Part 1 – What Parents Should Look For
According to the National Institute of Child Health and Human Development (NICHD), many parents aren’t aware of the early signs of autism and don’t start thinking about it as a possibility until their child reaches the typical age when they should be talking and they aren’t.
The early years with a child are filled with lots of hope and joy, so it’s understandable for parents to not think about autism. But with the rise of the neurodevelopmental disorder in children now at an all-time high (about 1 in 36 children as of January 2024), parents who suspect something isn’t quite right should know what to look for earlier rather than later. The earlier you know if your child has autism, the earlier you can get them into ABA therapy or other medical interventions which can greatly improve your child’s ability to learn and grow.
When to look for signs of autism
Typically, children show signs of autism between 12-18 months of age. However, autism symptoms can show themselves as early as 6 months. There are also cases of regression, where children stop using language, play, or social skills they’ve already learned. It can happen between 1-2 years of age and even earlier.
What are early signs of autism
Autism can affect many areas of a child’s development. Social and communication skills are two of the biggest areas that can be impacted. Early signs include:
- Reduced or no eye contact
- No response when you say their name or they appear not to hear you
- Lack of emotional responses, like big smiles or engaged expressions
- Not following your gaze or looking at an object you point to
- Not waving or pointing
- Little or no babbling, words, or meaningful two-word phrases
- Few, if any, back-and-forth sharing of sounds, smiles, and other facial expressions
- Having problems with pretend or cooperative play and imitating others
- Loss of previously learned speech, babbling, or social skills
- Persistent repetition of words or phrases
- Repetitive behaviors like flapping of hands, rocking, spinning, etc.
- Unusual and intense interest in certain objects or sensory experiences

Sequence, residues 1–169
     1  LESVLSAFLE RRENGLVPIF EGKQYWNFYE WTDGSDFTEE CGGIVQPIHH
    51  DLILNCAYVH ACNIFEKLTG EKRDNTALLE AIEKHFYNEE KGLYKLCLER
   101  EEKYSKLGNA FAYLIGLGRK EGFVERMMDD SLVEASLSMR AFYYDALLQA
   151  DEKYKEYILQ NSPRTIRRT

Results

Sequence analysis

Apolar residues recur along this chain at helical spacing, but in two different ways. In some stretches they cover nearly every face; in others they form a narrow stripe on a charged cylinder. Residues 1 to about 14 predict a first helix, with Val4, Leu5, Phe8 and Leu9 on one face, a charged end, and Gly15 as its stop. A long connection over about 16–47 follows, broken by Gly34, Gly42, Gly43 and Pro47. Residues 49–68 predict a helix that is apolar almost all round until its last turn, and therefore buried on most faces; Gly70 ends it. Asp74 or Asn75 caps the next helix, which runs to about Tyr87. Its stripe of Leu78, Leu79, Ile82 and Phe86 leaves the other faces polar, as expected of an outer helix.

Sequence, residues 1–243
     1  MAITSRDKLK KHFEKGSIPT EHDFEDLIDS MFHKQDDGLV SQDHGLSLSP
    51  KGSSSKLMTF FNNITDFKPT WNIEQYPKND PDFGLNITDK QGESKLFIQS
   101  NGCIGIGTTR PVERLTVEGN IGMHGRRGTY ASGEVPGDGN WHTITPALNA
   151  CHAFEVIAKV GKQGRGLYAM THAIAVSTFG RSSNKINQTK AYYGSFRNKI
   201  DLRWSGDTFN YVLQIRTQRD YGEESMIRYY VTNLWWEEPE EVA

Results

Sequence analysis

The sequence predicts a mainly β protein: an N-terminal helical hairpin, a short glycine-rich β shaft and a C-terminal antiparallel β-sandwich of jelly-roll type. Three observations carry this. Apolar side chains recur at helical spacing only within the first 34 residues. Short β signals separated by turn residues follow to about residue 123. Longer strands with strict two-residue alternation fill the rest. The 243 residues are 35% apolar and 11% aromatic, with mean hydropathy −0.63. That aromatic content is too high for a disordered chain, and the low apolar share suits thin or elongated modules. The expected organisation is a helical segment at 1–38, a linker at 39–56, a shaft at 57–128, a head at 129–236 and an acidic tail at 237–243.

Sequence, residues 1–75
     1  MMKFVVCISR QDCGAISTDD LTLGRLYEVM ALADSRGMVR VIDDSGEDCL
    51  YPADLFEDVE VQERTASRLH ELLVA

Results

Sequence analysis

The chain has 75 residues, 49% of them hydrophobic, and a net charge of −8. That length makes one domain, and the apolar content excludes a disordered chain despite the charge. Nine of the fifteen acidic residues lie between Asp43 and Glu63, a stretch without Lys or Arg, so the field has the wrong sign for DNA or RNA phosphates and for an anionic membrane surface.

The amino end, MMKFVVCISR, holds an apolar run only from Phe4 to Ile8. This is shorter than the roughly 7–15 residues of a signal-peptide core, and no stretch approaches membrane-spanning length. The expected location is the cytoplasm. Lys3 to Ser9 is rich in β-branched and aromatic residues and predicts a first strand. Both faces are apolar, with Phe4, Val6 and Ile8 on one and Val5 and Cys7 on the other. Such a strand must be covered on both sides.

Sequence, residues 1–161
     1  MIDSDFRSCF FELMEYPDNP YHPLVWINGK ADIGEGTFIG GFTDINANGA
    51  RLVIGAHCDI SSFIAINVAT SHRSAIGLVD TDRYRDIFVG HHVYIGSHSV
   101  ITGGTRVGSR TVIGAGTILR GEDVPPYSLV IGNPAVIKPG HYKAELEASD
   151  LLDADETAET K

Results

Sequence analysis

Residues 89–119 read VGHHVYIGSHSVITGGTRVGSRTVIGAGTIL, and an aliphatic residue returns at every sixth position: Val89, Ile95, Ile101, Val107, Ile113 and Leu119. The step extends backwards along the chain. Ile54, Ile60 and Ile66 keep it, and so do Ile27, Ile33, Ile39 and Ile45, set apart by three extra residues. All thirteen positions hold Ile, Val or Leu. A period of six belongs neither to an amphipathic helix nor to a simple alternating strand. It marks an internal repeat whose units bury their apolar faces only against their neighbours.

- Not understanding simple questions or directions
- Resisting cuddling and holding and preferring playing alone
- Inspecting toys instead of playing with them
- Unusual sensitivity to light, sound, or touch, yet indifferent to pain or temperature
To give you a better idea of what some of these signs look like in real life, this short video from the Kennedy Krieger Institute can help.
Which autism signs warrant professional testing
The Mayo Clinic says your healthcare team may recommend developmental tests if your child hasn’t reach these milestones:
- Babble or coo by 12 months
- Gesture, like pointing or waving, by 14 months
- Loses language or social skills at any age
- Mimic sounds or facial expressions by 9 months
- Play make-believe or pretend by 18 months
- Respond with a smile or happy expression by 6 months
- Say single words by 16 months
- Speak two-word phrases by 24 months
Take the M-CHAT-R autism test
If you’re still not sure if your child is showing early signs of autism, the M-CHAT-R can help. It’s a guided questionnaire that can help you decide whether or not to seek a professional evaluation of your child. It includes 20 specific questions about your child’s behavior and is intended for children between the ages of 16 to 30 months.
You can take the test here for free. No login is required and it only takes a few minutes to determine is your child might be at risk of having autism.
Keep in mind all children are unique
Autism in children can vary greatly in the areas of their development it affects, to what degree or severity, and when a child start showing signs. That’s why we say children are on the spectrum. There’s a wide range of autism symptoms, making each child with autism unique.
If you see any of these signs of autism in your child, always tell your healthcare provider about it. However, seeing signs of autism doesn’t mean your child has autism. You’ll need a professional evaluation and diagnosis to determine that.
Watch for Part 2 of our blog series, “I Think My Child Has Autism,” right here next week to learn the next steps in your journey, including the type of medical professionals you can turn to for testing and a diagnosis. We’ll also explore what’s involved in the testing and diagnostic process.
In the meantime, if you have any questions about autism and ABA therapy, our experts can help. Contact us today!